As a femme queer woman, I have to come out on an almost-daily basis. I am assumed straight by most people who pass me on the street and, because of this, coping with my identity has always been somewhat of a challenge. I have gone through many phases of gender expression and tried many times to overcompensate with snapbacks and button ups to “fit in.”
I am lucky that I don’t face as much discrimination as many of my LGBTQ+ brothers and sisters - I don’t “look gay” all of the time, and I live in a city where I can walk down the street holding my girlfriend’s hand and not get harassed. However, coming out has been a constant part of my life, and many times when I am talking to a new person and I want to share something about my “partner,” I tend to use gender-neutral pronouns because I never know if someone is going to treat me differently.
I am extremely lucky to have a family who accepts me and a mother who embraces me. Although I always knew that my mom would not love me any less for being queer, having that conversation with someone close to me was always somewhat anxiety-inducing. I told my mother, in fact, that I shouldn’t have to come out to her. “Hetero people don’t have to sit their families down and tell them that they’re straight!” -- 18-year-old me proclaimed. After years of GSA meetings, pride marches, and participating in days of silence, I just figured that everyone knew. Although I wasn’t living in fear of telling my mom that I was gay, I was grateful that she could both treat me the same and celebrate my differences.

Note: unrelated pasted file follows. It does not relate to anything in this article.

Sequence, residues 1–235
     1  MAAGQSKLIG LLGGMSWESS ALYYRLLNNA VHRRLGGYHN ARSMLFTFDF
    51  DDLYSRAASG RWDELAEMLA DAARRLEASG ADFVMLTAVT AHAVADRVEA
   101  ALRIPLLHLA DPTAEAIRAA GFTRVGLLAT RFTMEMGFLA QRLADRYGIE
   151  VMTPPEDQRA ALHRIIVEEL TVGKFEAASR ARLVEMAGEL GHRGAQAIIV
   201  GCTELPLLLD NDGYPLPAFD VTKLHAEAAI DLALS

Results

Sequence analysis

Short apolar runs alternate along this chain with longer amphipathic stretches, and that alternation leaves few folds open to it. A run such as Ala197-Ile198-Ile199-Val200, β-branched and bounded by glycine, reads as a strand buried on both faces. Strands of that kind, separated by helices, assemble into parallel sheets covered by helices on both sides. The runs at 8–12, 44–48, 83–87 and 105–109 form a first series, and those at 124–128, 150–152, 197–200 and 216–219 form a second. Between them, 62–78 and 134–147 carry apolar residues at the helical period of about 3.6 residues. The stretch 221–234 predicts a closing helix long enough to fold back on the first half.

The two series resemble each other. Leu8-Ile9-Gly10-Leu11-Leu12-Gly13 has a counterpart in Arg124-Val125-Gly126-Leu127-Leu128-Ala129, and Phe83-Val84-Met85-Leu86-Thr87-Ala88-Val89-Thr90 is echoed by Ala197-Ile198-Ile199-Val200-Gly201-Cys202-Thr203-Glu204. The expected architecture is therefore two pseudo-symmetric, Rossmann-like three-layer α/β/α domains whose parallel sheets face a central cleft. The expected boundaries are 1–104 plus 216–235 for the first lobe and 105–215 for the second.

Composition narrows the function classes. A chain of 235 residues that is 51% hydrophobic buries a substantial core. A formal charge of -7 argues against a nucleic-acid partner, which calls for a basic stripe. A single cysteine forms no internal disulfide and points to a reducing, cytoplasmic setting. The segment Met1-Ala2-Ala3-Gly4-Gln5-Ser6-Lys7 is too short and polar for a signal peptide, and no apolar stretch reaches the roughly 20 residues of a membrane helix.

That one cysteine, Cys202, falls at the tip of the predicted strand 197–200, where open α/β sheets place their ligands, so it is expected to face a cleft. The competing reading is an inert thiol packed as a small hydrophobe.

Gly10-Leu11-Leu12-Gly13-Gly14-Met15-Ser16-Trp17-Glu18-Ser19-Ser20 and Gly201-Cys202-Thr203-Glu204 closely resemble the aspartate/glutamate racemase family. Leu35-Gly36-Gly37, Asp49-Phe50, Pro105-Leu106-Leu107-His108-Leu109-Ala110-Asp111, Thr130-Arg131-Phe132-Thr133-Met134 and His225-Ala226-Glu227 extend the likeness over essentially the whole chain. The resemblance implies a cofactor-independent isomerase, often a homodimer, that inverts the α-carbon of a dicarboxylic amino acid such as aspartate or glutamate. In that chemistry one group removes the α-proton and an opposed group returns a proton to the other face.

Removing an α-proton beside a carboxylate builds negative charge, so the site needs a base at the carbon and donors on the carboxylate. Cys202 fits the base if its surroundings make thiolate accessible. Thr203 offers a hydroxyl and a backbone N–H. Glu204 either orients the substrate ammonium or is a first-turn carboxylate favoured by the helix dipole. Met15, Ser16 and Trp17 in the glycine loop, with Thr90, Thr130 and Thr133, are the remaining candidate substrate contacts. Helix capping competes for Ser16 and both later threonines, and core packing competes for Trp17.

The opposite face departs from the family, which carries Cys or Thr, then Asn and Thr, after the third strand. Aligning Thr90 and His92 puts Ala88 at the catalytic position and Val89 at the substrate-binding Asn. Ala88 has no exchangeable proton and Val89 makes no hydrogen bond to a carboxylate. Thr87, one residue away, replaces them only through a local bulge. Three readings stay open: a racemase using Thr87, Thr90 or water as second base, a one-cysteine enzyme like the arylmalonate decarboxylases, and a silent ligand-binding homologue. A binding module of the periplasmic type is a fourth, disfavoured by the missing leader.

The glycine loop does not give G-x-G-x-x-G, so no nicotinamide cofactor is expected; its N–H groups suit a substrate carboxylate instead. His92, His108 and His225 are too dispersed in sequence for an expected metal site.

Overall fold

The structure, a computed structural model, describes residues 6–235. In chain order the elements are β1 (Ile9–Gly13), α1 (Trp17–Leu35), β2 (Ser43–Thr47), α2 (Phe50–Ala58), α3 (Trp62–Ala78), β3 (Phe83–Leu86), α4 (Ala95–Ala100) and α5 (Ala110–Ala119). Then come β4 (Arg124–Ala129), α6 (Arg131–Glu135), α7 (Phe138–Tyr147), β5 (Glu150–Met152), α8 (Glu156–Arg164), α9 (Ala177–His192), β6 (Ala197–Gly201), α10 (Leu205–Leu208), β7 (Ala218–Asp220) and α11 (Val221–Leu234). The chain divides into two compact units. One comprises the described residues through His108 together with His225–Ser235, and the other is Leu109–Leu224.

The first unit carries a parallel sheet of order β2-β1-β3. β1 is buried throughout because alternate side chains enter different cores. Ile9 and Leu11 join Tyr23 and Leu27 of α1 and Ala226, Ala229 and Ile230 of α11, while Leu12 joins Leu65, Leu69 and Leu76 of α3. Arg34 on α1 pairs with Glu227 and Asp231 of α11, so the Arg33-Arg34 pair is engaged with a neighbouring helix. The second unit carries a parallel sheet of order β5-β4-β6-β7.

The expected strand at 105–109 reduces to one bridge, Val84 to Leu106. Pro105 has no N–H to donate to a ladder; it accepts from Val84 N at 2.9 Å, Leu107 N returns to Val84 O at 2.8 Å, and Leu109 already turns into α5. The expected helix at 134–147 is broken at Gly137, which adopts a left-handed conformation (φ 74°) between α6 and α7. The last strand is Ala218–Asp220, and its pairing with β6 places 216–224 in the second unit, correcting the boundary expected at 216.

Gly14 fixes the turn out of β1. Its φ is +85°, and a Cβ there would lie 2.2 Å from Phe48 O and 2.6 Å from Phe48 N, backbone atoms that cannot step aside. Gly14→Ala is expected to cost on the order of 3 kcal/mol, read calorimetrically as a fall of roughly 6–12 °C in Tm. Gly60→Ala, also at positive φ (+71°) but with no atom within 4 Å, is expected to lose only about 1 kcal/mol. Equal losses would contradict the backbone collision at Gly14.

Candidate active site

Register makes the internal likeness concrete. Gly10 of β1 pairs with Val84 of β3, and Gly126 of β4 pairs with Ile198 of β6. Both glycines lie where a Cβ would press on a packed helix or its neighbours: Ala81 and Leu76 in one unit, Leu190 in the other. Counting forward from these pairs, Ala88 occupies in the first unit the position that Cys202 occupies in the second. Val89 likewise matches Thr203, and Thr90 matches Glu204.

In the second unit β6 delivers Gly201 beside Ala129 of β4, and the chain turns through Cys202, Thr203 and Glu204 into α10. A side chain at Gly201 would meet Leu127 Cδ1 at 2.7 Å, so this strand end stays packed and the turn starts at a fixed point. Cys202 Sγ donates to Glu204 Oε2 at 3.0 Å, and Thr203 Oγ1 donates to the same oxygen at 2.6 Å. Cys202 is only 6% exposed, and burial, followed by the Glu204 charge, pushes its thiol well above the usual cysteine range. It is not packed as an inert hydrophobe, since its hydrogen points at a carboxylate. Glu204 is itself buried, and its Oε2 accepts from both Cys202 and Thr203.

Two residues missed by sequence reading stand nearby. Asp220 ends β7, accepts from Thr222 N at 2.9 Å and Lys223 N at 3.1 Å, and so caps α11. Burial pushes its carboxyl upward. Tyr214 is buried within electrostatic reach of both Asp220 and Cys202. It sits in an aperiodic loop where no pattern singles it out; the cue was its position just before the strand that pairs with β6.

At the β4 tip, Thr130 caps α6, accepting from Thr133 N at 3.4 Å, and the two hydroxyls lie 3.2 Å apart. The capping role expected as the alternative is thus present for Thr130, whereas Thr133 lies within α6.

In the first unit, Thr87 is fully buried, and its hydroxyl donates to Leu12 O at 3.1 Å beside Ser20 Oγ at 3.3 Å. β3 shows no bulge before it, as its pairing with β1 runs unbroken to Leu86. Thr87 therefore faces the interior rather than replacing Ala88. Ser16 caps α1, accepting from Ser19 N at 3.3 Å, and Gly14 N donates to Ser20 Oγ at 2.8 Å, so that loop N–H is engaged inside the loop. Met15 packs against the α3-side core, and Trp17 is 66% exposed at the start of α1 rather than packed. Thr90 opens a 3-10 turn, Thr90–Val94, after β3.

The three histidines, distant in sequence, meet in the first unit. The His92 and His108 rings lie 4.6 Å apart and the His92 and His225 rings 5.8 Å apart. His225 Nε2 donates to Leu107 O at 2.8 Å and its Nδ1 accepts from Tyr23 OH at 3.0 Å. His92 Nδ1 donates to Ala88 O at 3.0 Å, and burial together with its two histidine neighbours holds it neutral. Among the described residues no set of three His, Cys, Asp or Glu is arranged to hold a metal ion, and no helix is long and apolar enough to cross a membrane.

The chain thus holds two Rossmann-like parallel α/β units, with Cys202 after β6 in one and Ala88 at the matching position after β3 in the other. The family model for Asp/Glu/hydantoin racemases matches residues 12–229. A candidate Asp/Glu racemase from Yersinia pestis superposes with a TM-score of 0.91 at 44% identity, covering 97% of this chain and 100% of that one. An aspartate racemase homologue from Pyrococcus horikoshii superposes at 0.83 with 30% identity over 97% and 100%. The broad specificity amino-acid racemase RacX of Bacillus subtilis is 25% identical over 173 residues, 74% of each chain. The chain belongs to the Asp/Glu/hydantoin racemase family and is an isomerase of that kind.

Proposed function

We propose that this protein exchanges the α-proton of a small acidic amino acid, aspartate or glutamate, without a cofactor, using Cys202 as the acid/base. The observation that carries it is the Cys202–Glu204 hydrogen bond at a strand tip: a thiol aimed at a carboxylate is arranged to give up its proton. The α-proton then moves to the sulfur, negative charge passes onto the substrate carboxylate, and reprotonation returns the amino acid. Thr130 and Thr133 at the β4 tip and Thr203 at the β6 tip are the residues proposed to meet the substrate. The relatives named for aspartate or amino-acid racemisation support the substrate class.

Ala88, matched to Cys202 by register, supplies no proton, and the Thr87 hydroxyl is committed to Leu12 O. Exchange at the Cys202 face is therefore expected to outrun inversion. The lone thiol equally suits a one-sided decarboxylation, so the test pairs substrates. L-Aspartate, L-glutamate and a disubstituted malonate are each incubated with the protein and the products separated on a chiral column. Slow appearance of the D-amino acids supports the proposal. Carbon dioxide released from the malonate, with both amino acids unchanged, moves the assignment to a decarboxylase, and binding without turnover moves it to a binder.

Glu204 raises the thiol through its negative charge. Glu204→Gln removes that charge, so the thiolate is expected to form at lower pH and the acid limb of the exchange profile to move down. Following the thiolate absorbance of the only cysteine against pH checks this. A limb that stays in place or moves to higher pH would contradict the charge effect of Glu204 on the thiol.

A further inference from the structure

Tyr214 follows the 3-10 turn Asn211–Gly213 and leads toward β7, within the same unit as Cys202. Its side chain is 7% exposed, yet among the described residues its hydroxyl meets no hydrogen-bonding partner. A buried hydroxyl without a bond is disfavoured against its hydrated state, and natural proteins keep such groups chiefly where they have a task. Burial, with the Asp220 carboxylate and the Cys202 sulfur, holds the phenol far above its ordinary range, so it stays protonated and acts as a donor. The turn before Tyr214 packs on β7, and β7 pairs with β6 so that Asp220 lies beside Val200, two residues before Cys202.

I love to celebrate this day, but I am also praying for all of the young queer kids who are legitimately afraid to tell their families, friends, and classmates who they are. They’re not alone, and it is our job as LGBTQ+ people and allies to create safe spaces for people to be themselves.